Power Play: B-. Nothing seems to work--and Tomassoni has tried just about everything. Harvard hasn't even sniffed the excellence of last year's wonder-unit; its 17.5 percent success rate is barely half that of its predecessor, and given the amount of skilled talent still present to fill the slots on the five-on-four, that fact is most irksome.
The Crimson has always passed the puck a lot on the power play, perhaps more than it should; that seems to be another flaw of this year's unit, although not particularly any more than usual. And Harvard still manages to find a way to light the lamp an average of once a night on the man-advantage...but somehow, we expect more. Here, more than anywhere, there are gaping holes to fill.
Penalty Kill: B-. Karmanos and Martins each scored shorthanded goals during one Marco Ferrari penalty back against Union on November 26...need we really say more? One would be hard-pressed to find two better forecheckers in college hockey than Martins and junior Tommy Holmes--they keep opposing units as off-balance outside the Harvard zone as the Crimson blue-liners do inside.
Harvard has let in ten man-down goals in ECAC play and tallied six goals besides, a world-class ratio which puts the Crimson special teams at a net plus-eight on the season, tops along with Vermont. Wonderful stuff, the kind of performance that can brighten the light at the end of the mid-season tunnel almost immeasurably.
Discipline: B+. Harvard's 0-2 start could largely be traced to the familiar disease of stupid penalty-taking, but since that blight receded the Crimson have stayed for the most part out of the penalty box except when necessary...the one exception to that being the unconscionable stick-foul on Martins at Colgate, resulting in a game-misconduct and a one-match suspension.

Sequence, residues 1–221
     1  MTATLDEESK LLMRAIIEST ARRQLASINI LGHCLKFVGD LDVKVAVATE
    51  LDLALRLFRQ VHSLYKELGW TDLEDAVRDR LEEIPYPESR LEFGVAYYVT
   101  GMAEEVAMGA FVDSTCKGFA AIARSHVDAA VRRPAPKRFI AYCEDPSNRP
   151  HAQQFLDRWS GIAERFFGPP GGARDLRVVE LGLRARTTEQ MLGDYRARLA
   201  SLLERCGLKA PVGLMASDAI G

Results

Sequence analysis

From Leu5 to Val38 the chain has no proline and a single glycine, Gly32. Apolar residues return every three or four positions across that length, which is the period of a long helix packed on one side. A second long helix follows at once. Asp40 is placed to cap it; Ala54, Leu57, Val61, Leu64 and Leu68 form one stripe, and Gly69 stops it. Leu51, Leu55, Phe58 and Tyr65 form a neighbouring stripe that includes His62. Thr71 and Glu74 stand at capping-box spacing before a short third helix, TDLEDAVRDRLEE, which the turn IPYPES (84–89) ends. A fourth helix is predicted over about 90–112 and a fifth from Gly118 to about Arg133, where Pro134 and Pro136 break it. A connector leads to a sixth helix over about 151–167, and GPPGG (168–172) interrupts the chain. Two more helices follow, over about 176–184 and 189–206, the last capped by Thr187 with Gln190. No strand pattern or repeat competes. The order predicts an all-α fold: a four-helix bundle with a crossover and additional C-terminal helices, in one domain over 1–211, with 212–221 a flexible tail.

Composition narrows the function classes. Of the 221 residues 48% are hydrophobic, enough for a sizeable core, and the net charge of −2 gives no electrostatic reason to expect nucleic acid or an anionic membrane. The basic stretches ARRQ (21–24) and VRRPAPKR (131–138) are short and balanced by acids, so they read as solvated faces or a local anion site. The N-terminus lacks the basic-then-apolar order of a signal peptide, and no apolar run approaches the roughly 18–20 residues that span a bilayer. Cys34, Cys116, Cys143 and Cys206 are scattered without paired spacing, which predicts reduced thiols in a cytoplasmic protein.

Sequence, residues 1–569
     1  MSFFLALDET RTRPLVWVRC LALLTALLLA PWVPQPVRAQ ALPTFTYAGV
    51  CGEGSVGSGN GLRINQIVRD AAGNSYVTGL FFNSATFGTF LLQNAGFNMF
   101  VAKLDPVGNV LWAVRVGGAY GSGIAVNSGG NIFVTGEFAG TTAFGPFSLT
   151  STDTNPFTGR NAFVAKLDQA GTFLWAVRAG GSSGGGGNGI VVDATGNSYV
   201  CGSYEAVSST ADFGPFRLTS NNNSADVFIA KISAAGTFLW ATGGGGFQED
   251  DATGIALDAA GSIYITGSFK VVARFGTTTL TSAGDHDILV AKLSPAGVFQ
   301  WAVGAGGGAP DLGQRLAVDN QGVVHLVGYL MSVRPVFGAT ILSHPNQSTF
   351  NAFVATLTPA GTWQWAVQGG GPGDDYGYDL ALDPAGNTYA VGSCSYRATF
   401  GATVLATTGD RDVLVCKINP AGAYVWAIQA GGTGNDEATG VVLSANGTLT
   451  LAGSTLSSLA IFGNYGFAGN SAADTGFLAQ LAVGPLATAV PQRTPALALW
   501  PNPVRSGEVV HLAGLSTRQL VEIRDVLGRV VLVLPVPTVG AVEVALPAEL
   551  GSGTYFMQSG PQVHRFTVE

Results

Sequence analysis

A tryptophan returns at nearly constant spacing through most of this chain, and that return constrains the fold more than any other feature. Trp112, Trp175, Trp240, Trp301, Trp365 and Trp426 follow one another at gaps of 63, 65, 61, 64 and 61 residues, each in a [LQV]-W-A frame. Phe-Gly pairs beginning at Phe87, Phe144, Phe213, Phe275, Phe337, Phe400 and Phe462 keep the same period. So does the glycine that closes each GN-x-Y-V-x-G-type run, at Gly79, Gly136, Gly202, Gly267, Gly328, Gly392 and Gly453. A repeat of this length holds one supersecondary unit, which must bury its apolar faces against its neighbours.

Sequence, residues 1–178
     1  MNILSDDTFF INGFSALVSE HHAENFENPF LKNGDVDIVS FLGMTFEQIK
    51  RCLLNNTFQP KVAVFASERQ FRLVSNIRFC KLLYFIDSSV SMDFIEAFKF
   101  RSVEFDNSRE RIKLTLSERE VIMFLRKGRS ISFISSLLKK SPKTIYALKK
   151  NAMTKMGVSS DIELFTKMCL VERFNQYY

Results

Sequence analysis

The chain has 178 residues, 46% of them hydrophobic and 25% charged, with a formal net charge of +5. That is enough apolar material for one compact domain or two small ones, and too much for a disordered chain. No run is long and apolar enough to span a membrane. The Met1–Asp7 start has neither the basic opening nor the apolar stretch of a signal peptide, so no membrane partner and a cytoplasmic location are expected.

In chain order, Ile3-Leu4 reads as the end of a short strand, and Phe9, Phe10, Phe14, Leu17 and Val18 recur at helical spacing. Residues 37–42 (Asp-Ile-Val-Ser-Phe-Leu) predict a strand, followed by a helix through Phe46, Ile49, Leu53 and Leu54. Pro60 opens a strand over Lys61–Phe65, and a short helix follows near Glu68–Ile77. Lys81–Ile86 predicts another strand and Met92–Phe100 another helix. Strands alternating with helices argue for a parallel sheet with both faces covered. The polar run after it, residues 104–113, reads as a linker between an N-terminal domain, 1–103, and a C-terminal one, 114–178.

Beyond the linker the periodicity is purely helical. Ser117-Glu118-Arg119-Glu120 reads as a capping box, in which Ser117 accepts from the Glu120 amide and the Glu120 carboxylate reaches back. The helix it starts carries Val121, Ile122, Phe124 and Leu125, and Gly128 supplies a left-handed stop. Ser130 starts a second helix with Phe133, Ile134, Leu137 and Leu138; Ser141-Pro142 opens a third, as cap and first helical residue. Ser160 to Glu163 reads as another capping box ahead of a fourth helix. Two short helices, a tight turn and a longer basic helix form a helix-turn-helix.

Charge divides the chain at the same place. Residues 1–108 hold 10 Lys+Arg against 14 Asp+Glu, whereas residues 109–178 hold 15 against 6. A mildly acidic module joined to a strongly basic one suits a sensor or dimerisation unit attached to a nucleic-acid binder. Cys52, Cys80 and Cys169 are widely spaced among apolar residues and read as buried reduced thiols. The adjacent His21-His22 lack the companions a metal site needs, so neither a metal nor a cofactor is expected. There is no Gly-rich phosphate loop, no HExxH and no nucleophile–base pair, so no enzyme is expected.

But his penalty cost the Crimson no wins, and Harvard should pat itself on the back for its relative calmness this season. Of course, if you subscribe to the view that maybe the kind of fire that brings with it 20 penalty minutes a night also brings six or seven goals to the table, maybe that's a bad thing, and certainly in light of the November/December mediocrity we saw in Harvard's seven-game homestand, that's definitely a possible interpretation.
Coaching: A-. The aforementioned tortoise-like start had Tomassoni pulling as many levers as he could find to stop the slide, especially as noted above on the power play. Now that Harvard seems to have shifted into high gear, he looks pretty good, although he'll tell you that he's more concerned with how this team is playing in March than how it looks at the break.
And this critic has mentioned before that perhaps Harvard should aim more toward the postseason than another ECAC regular-season title. How giddy would Tomassoni be entitled to feel if pre-Christmas criticism led to March madness and April jubilation?
Overall: B+. Well, there it is. Harvard knows what it has to improve upon starting February 3, and if it can, you'd still have to relish a bet on the Crimson to wreak some havoc in Lake Placid and beyond come the stretch run. A slow start can be all but forgotten as the games pile up--and the Crimson can't wait for those games to come.